evented

EDIT: after installing, Atom crashes out totally spikes I/O way higher peaking 15 MB/s

dhaupin commented Dec 30, 2015

Not trying to beat a known horse (src install should work, right), but I'm running into install time far longer than 6 mins due to capped I/O when trying nuclide-installer. Although it hasn't fully installed yet, its happening on Windows 10 via Atom GUI. I started the install at aprx ~10:20am, and now it's a little over halfway done at ~11:40am. Considering its mentioned that there are only 17 packages within that meta plugin, this seems wonked.

"Evented I/O for V8 JavaScript (32 bit)" seems to be the culprit using 100% disk. Im seeing it cap out above 6 MB/s with a sustained CPU between 30-80%. Considering this is a spinner drive (100+gb free), its very much affecting the performance of the whole PC.

Albeit it non SSD, this is a 64bit 8gb 3k machine, it's not like it's too underpowered to run an editor. I concur it's all the files in nuclide-installer meta, although perhaps Evented I/O running 32bit instead of 64bit could compound that effect.

evented

EDIT: after installing, Atom crashes out totally spikes I/O way higher peaking 15 MB/s

@stale

This comment has been minimized.

Show comment
Hide comment
@stale

stale bot Aug 29, 2017

This issue has been automatically marked as stale because it has not had recent activity. It will be closed if no further activity occurs. Thank you for your contributions.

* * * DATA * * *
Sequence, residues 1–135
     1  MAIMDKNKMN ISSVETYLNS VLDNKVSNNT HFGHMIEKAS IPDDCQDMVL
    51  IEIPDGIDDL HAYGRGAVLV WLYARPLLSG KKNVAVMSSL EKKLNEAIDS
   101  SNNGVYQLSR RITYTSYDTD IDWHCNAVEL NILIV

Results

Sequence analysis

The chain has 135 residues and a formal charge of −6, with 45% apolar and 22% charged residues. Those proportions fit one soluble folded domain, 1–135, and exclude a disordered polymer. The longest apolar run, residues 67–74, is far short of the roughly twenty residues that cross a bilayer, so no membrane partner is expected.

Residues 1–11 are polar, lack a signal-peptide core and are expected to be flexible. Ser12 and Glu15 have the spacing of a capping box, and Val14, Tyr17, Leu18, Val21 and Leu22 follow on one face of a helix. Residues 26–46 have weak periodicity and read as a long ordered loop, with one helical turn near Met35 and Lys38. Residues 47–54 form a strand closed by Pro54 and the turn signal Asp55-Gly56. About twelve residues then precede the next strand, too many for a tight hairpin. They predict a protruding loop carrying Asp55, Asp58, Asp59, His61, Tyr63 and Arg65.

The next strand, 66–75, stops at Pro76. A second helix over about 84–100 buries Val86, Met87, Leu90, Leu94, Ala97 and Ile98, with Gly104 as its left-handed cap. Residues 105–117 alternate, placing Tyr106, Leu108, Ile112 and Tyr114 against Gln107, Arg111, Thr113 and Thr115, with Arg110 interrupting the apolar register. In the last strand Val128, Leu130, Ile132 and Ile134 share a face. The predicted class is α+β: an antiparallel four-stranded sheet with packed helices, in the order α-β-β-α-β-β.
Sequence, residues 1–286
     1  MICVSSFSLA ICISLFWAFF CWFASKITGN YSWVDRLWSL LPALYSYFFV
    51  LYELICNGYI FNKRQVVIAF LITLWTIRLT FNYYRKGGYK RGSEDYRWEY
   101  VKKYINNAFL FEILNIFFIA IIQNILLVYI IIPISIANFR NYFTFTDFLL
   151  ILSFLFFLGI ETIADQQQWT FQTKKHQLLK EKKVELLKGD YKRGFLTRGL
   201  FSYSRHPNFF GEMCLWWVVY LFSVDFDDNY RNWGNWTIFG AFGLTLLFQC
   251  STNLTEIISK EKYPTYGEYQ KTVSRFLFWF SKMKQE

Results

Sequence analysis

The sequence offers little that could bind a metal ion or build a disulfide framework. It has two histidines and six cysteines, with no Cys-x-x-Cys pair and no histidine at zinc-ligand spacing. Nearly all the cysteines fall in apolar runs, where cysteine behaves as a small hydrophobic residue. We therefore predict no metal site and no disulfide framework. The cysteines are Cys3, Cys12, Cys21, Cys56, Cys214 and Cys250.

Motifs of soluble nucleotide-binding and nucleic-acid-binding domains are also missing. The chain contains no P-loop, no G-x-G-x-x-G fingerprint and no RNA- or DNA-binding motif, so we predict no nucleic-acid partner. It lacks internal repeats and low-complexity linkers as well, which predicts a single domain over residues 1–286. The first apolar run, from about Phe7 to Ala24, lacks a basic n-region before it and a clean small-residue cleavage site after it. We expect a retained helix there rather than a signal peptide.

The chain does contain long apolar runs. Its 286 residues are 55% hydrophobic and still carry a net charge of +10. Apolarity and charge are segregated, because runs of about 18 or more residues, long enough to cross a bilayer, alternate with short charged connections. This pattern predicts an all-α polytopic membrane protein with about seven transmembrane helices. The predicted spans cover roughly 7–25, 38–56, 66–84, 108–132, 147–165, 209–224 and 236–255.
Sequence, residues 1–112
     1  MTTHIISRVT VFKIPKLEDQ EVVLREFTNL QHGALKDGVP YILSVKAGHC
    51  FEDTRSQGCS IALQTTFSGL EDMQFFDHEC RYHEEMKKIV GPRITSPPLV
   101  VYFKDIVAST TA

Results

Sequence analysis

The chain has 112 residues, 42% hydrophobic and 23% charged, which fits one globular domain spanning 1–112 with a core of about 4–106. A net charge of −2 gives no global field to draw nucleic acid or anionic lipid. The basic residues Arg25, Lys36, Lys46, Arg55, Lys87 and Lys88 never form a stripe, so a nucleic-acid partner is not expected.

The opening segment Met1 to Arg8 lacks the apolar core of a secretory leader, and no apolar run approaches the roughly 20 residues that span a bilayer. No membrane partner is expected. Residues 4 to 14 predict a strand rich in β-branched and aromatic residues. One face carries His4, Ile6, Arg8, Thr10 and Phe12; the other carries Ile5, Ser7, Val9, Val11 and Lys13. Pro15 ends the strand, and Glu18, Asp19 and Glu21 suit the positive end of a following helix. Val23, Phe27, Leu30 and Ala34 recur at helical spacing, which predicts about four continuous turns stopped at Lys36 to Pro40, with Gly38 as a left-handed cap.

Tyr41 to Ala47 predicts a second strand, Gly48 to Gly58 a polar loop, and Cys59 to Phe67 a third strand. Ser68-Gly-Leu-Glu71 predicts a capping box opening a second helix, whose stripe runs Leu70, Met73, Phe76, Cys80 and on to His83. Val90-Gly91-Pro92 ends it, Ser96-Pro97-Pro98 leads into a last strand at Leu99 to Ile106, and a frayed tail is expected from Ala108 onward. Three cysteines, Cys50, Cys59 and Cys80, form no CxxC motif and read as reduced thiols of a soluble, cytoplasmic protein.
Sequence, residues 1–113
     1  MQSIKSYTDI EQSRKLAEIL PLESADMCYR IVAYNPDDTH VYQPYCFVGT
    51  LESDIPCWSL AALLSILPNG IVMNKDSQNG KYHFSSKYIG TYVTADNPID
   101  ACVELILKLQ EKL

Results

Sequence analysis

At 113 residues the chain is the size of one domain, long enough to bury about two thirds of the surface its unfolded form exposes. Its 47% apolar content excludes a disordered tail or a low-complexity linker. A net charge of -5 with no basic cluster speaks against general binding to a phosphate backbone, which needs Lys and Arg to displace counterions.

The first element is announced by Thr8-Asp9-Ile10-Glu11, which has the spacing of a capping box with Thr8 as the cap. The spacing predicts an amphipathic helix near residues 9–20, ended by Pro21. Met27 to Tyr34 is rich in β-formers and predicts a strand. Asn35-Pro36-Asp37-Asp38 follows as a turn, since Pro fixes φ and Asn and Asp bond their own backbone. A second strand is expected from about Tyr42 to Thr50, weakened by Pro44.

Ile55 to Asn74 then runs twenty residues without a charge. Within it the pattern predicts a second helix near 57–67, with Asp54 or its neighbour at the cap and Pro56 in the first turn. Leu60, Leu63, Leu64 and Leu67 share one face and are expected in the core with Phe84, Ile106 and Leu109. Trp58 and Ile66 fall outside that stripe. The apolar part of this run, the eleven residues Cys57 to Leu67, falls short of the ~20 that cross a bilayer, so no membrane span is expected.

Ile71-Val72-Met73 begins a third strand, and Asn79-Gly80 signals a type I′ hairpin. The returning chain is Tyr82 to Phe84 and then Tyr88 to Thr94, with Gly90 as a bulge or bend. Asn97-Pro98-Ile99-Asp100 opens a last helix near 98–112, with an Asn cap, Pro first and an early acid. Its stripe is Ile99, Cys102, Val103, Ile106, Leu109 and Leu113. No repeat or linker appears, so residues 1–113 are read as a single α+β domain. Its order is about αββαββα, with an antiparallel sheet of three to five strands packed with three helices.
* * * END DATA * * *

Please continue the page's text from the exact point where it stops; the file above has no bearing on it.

stale bot commented Aug 29, 2017

This issue has been automatically marked as stale because it has not had recent activity. It will be closed if no further activity occurs. Thank you for your contributions.

@stale stale bot closed this Sep 12, 2017

@lock

This comment has been minimized.

Show comment
Hide comment
@lock

lock bot Mar 30, 2018

This issue has been automatically locked since there has not been any recent activity after it was closed. If you can still reproduce this issue in Safe Mode then please open a new issue and fill out the entire issue template to ensure that we have enough information to address your issue. Thanks!

lock bot commented Mar 30, 2018

This issue has been automatically locked since there has not been any recent activity after it was closed. If you can still reproduce this issue in Safe Mode then please open a new issue and fill out the entire issue template to ensure that we have enough information to address your issue. Thanks!

@lock lock bot locked and limited conversation to collaborators Mar 30, 2018

Sign up for free to subscribe to this conversation on GitHub. Already have an account? Sign in.